M51 Whirlpool + data
Posted 11 January 2013 - 04:15 PM
Taken in the AM hours of 1/9/13 from my driveway in Nebraska
8x 15min subs (took 10, threw out 2)
Captured with Backyard EOS, stacked with DSS, and processed with PixInsight. All details on equipment in sig below.
Stacked and Calibrated TIFF: https://www.dropbox..../Whirlpool 2...
Zip of all data including calibration frames: https://www.dropbox..../WHIRLPOOL 2...
Posted 11 January 2013 - 04:19 PM
Posted 11 January 2013 - 04:23 PM
Posted 11 January 2013 - 06:26 PM
Posted 11 January 2013 - 07:47 PM
I gave the data a go in StarTools:
Posted 11 January 2013 - 08:07 PM
Posted 11 January 2013 - 08:11 PM
Posted 11 January 2013 - 08:32 PM
Re-Processing Workflow: (Instructions here...)
•RAW file Processing in ImagesPlus 5.0
•Align TSR/Combine/Crop in ImagesPlus 5.0
•Digital Development in ImagesPlus 5.0
•Multi Point Flatten Background-Planar in ImagesPlus 5.0
•Multiresolution Smooth-Sharpen (Finest/Fine 30/15) in ImagesPlus 5.0
•Geometric Transform/Scale (Factor 0.4) in ImagesPlus 5.0
•Smoothing in ImagesPlus 5.0
•Saturation (Block), and 'Noise Reduction' in Photoshop Extended CS6
•Star Size and Halo Reduction in ImagesPlus 5.0
•Hue-Saturation-Luminance in ImagesPlus 5.0
•Curves, Brightness/Contrast, Saturation, and 'Noise Reduction' in Photoshop Extended CS6
Posted 11 January 2013 - 09:07 PM
Posted 12 January 2013 - 04:20 AM
Posted 12 January 2013 - 05:12 AM
i think if you take more subs of 8-10 minutes you get better resault.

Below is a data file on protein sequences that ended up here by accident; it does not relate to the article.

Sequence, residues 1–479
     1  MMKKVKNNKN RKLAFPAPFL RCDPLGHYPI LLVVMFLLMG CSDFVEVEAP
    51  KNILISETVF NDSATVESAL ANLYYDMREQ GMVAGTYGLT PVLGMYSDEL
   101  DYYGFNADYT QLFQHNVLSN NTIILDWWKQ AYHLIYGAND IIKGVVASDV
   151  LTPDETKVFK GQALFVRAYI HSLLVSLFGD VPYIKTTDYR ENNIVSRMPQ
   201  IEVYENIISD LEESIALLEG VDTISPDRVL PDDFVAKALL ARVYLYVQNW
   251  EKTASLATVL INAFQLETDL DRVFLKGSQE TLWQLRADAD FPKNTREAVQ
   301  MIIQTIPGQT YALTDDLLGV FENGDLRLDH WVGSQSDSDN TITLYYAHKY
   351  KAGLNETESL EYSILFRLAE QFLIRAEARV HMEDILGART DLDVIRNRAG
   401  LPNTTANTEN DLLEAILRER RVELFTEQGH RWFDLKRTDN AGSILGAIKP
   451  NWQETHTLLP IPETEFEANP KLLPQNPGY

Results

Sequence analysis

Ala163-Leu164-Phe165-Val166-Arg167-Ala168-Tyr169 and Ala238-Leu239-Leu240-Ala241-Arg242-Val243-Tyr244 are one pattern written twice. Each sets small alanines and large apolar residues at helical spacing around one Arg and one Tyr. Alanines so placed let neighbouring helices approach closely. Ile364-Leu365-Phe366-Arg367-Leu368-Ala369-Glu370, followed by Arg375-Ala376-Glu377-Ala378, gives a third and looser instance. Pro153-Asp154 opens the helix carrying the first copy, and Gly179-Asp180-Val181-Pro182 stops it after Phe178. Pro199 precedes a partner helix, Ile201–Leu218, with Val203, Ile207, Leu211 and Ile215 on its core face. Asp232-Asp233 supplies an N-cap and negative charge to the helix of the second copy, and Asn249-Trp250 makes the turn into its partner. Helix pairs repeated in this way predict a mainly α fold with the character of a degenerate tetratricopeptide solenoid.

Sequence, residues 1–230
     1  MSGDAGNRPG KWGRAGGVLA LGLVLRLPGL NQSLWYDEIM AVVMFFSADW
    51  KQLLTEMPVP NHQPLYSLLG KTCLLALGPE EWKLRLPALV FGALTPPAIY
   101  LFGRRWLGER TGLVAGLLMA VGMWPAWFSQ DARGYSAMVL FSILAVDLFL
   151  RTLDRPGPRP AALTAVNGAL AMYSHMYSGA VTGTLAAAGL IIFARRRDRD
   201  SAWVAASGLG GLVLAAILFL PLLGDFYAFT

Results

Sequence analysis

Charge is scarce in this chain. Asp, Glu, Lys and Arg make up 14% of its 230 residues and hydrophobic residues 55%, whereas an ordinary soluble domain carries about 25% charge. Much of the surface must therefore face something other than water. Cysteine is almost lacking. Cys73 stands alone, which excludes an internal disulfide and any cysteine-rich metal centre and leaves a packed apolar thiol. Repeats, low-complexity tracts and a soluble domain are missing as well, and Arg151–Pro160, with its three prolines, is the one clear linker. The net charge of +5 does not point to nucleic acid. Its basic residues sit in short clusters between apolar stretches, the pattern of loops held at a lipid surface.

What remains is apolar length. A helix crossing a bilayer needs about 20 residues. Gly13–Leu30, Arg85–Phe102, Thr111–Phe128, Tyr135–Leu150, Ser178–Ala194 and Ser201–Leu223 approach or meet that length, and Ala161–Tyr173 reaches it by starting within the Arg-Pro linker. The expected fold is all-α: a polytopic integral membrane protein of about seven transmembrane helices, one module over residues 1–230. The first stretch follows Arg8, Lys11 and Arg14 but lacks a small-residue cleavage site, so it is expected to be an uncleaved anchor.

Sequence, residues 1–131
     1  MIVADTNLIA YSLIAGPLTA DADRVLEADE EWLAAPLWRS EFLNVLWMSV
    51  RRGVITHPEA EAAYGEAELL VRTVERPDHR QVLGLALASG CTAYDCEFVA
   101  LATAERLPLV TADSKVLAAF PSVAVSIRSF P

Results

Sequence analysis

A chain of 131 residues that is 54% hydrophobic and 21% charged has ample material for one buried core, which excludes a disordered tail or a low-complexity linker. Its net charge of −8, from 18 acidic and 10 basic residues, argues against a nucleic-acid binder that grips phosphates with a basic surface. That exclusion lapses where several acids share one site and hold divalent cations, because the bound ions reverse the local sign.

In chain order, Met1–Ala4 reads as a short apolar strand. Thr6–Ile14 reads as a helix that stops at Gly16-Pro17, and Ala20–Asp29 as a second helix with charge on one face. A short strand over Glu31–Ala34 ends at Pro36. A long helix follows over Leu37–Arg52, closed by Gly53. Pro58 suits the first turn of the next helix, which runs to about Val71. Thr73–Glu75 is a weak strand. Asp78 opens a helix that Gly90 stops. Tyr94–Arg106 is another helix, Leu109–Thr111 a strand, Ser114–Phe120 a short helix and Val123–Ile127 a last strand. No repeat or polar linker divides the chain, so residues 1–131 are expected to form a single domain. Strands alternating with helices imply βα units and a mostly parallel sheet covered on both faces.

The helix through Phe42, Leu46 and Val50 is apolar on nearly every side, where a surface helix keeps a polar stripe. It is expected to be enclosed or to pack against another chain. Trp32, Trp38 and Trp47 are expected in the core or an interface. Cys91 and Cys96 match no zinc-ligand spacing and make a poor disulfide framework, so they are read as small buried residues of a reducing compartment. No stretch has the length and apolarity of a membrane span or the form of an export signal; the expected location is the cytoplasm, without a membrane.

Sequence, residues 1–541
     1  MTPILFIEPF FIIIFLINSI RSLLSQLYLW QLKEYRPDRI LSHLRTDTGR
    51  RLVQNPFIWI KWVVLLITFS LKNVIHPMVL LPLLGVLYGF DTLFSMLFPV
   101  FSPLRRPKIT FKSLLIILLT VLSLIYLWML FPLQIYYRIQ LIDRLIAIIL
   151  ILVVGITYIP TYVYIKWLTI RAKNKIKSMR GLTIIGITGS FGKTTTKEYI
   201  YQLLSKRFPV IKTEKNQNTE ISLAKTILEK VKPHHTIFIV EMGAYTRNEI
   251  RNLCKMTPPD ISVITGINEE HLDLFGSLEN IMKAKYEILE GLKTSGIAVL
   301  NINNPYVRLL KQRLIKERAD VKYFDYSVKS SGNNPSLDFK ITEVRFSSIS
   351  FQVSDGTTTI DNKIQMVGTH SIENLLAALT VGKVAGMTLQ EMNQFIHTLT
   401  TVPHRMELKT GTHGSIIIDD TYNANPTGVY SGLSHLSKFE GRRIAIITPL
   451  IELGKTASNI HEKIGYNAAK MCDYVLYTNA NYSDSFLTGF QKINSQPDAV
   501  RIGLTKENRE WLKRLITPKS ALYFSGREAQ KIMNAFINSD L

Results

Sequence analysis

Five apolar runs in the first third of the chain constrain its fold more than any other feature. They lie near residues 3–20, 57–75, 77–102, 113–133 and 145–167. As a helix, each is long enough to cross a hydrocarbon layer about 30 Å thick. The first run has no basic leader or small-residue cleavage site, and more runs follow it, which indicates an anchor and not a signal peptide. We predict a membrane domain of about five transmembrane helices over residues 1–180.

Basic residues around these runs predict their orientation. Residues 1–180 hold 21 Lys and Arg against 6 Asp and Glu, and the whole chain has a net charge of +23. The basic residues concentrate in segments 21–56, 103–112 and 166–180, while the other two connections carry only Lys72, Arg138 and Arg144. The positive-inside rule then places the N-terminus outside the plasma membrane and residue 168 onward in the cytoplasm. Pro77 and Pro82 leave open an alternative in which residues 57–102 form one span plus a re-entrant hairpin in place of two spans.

i forgot to say that the detail on the galaxy is VERY good!!!
Posted 12 January 2013 - 11:41 AM
if you have field rotation though... that's another story.
Posted 12 January 2013 - 01:24 PM
Yea I wasn't really sure on exposure time. I don't fully understand how I can tell when I've captured all the data I can possibly capture and should end the exposure, so I just guessed. I've always assumed longer is better, but I guess that isn't always the case.
Posted 12 January 2013 - 11:14 PM
the whole subexposure length thing comes up again and again. the bottom line is that you just need to expose long enough to get the skyglow to overwhelm the read noise of the camera. for a canon DSLR the rule of thumb is to get the histogram hump's left edge 20-30% of the way across the back of camera display, and you are there.
exposing longer won't kill you (until you saturate the stars of course) but from a mathematical perspective exposing longer won't really help with the so-called 'stacking efficiency'. once you've reached the "skyfog limit"* you're there. using the shortest sub you can get away with = less trailing, fewer subs lost to airplanes, etc.
* this term confuses people but what it means is that your image quality will not be limited by the read noise of the camera but rather by the limiting magnitude of your local skies. if you expose shorter than the skyfog limit, then the light from the faintest stars/objects in your image is destroyed by the read noise - essentially overwritten as the image is read off the CCD. getting to the skyfog limit means that objects dimmer than the sky brightness are simply lost in the sky glow, rather than to camera artifacts.
Posted 13 January 2013 - 01:26 AM
Posted 13 January 2013 - 04:23 AM
Gave it a run through PI
As you say a lot of noise , but still some Data to work with
Posted 13 January 2013 - 03:16 PM
Posted 13 January 2013 - 04:43 PM
Just google, "pixinsight tutorial harry"
He does an amazin job showing the basics, and even with basics you can get some great details out.